The Aziya News edition wrote on 17 August: “Closely to the presidential elections the criminal world once more shaken up when some prominent figures were released from custody. Some say that soon “Doo Chyngyz” will be free as well. We can observe from the real life that Kamchybek Kolbayev and Almazbek Sulaimanov, also known as “Limonti” are together pulling all the strings in the criminal world and are ensuring peace and calm for the Kyrgyz people. If their fates had not been ruined during their young years, both Kamchy and “Limonti” would be leading politicians today. Because both men are caring deeply for the Kyrgyz people.”
Create your own Party and Reach for the Stars
In 2013 Fergana reported in detail that leaders of criminal groups are joining political parties and becoming members of parliament.
Since then, these criminal elements have penetrated the political system even further and have understood that instead of joining and financing someone's party, it is easier to found own movement to pursue personal interests completely legally.
Exactly such a strategy has been pursued during the 2016 local elections in the Issyk-Kul Region, where both Kamchy Kolbayev and Ulan Cholponbayev are from. At the time, the political scientist Professor Kairat Osmonaliev noted: “The kenesh [a local governing body] elections have shown that people with a criminal background are fighting for power on the local level and that there are no filters that could restrict the participation of such individuals.”
According to him, it is often people with previous convictions or others who are still involved in fraud, extortion or bribery that seek to enter local governing bodies. “They think that if they possess money, influence and connections, they can officially create their political party and participate in local elections,” stressed Professor Osmonaliev.
One example of exactly such a political organisation is the "Tabylga“ party that Ulan Cholponbayev leads under the aegis of Kolbayev. It is a regional party from Issyk-Kul and consists mainly of local sportsmen (simply criminals). Kolbayev’s younger brother Zhaken oversaw both the kenesh elections in the city of Karakol in autumn and Cholpon-Ata in December 2016. In the end, “Tabylga” won first place both in Karakol with 28,5 percent, sweeping 12 out of 31 seats as well as in Cholpon-Ata, winning 27 percent of the vote and leaving all competitors behind.
“Ata-Jurt” MP Ulan Cholponbayev, former Speaker of Parliament Ahmatbek Keldibekov and current (as of September 2017) Bishkek prosecutor Abdibakyt Halmurzayev during a 2011 New Year's Eve party in the “Kapriz” hotel in Issyk Kul
“Thief-in-Law” Kamchy Kolbayev (second from the left) and MP Ulan Cholponbayev (third from the left) at the mentioned hotel during the same party
According to some media, “Tabylga” and its leader Ulan Cholponbayev are working to support presidential candidate Sooronbai Jeenbekov today. It appears that not only administrative but also criminal resources help to elevate the presidential candidate. Only the Almighty and the people involved know what strings and promises are attached to this arrangement. Ordinary citizens realise that it is more practical to turn to the criminal world to resolve any matter – especially since the government is doing the same.
During the Presidency of Kurmanbek Bakiyev, it was apparent to everyone that the criminal underworld actively involved in Kyrgyzstan’s politics and asserted great influence on it. Today, experts say that these criminal structures are less involved in the medium-sized business sphere. This, however, has its roots in a completely different trend: in the past, drug trafficking and smuggling of goods and arms had been the main field of crime. Today, however, high government officials control the most lucrative black markets themselves.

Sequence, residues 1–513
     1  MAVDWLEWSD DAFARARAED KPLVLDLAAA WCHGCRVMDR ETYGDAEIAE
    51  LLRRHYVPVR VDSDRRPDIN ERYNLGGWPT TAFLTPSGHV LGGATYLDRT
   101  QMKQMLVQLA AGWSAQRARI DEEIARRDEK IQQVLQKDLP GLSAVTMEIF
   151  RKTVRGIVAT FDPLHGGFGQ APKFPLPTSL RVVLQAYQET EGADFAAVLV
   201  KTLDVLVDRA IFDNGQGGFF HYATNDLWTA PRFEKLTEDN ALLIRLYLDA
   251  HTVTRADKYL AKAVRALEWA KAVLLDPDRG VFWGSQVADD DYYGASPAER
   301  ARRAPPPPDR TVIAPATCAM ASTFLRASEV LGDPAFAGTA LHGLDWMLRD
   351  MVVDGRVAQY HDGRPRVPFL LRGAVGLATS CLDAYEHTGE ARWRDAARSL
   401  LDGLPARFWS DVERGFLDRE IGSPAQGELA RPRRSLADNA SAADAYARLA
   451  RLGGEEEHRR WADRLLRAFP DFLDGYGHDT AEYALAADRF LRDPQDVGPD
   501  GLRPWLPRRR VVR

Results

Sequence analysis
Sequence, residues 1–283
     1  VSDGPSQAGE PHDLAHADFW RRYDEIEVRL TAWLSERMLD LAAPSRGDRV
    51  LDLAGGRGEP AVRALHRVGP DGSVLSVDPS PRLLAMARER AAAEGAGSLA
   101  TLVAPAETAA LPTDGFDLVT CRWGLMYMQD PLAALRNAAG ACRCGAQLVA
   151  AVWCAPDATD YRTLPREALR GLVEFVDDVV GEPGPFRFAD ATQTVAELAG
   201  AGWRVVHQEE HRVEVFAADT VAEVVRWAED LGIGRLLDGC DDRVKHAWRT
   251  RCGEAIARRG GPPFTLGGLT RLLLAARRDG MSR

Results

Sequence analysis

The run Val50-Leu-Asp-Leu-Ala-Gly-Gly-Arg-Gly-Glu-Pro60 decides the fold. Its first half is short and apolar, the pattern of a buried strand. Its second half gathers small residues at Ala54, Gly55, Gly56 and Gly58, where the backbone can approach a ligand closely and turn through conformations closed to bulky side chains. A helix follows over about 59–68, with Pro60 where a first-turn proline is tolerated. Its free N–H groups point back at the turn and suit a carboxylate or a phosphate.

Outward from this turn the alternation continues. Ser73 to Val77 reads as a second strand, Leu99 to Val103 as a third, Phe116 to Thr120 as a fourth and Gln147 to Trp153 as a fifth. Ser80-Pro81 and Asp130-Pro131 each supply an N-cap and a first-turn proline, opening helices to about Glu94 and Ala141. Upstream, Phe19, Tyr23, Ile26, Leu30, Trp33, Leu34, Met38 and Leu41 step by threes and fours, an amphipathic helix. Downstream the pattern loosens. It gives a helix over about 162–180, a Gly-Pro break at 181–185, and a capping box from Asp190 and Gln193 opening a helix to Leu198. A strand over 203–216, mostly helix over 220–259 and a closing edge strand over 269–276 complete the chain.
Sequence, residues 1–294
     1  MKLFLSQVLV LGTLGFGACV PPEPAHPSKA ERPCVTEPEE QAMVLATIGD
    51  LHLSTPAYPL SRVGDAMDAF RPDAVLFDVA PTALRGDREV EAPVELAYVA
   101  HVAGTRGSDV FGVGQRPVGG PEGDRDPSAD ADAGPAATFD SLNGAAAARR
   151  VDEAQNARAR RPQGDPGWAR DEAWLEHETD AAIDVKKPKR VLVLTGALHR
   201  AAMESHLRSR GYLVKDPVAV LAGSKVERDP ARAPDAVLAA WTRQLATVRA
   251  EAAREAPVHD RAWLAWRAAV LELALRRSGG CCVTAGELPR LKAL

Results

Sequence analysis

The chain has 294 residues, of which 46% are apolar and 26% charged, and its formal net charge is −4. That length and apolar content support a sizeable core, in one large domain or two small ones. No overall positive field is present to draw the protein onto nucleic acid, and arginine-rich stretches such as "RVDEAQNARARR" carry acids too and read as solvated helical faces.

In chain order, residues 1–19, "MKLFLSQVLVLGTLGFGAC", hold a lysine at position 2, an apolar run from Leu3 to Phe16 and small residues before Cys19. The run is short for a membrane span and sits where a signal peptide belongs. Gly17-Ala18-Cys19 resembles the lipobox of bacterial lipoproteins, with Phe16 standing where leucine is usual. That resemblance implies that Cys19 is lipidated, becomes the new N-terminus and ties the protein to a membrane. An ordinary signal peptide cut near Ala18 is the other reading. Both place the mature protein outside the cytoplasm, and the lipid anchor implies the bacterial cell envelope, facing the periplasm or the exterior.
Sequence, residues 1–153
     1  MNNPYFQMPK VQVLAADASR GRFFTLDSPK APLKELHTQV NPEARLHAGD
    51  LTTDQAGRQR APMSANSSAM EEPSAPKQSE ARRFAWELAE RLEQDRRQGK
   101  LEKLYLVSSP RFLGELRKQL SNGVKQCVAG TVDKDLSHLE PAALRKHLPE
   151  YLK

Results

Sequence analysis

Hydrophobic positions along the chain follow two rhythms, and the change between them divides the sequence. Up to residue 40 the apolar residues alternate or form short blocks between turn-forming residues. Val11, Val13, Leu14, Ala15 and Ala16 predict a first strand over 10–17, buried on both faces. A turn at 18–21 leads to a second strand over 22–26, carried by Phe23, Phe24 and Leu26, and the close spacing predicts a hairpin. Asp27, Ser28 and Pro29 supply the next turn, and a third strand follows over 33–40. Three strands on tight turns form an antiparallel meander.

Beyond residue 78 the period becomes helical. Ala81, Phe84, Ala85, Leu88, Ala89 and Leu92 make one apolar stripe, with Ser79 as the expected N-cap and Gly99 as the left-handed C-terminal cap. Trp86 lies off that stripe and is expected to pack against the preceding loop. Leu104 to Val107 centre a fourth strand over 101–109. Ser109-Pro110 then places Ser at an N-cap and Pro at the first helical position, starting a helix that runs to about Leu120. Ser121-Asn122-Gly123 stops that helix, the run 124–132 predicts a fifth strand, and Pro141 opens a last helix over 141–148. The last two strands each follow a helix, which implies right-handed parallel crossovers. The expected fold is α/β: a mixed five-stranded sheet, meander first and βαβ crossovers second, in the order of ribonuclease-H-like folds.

Semetei Talas Uulu, a journalist who specialises in Kyrgyz crime, believes that it is now very hard to find many high-ranking bureaucrats who are not in some way involved in organised crime. Officials can not only have some tea with ‘thieves-in-law’ in their dachas, but they can also acquire their crowd of ‘sportsmen’ who serve not only as bodyguards but also protect their business interests. And when there is an election coming up, they make sure the citizens vote the right way.
The reality, then, gives rise to many questions. Why, for instance, is the deputy head of the Kyrgyz customs service, Raim Matraimov, building the largest sports club in the city of Osh? The life-long civil servant was not even hiding the construction site and was present during the opening ceremony of the complex. At that moment, not far from him Ikramjan Ilmiyanov stood – the “Chauffeur” mentioned earlier.
When asked about what is the source of the money for the construction of a premium sports facility was coming from, the brother of the mentioned civil servant, Iskender Matraimov, who is himself a deputy for the Social Democratic Party of Kyrgyzstan, answered that it is a certain charitable fund that the family owns. The Matraimovs were allegedly contributing the basic capital stock of the project.
Raim Matraimov is one of the most secretive officials in the country and has still not once neither given an interview to anyone nor made any public statements. Journalists and other sources say that he lives in the shadows.
In 2011, an audio file appeared on the internet in which members of the interim government were discussing removal of Matraimov from his post of customs head for the southern region of the country. Furthermore, it was becoming clear from the conversation that Matraimov had paid $400,000 to keep his desk. If we can assume that he controls the smuggling routes going north from Afghanistan, then paying such a sum should really not have hurt him too much.
Crime journalist Semetei Talas Uulu shares the opinion that there is no real difference between officials and members of organised crime now. But he still highlights one difference between them: “Today, organised crime groups are submitting to the bureaucrats because they control practically all financial flows in all spheres, starting from narcotics smuggling to the black market. But it is the criminal underworld in its role of the bureaucrats’ right hand that keeps the foundations of the whole system running.”
Translated by Toni Michel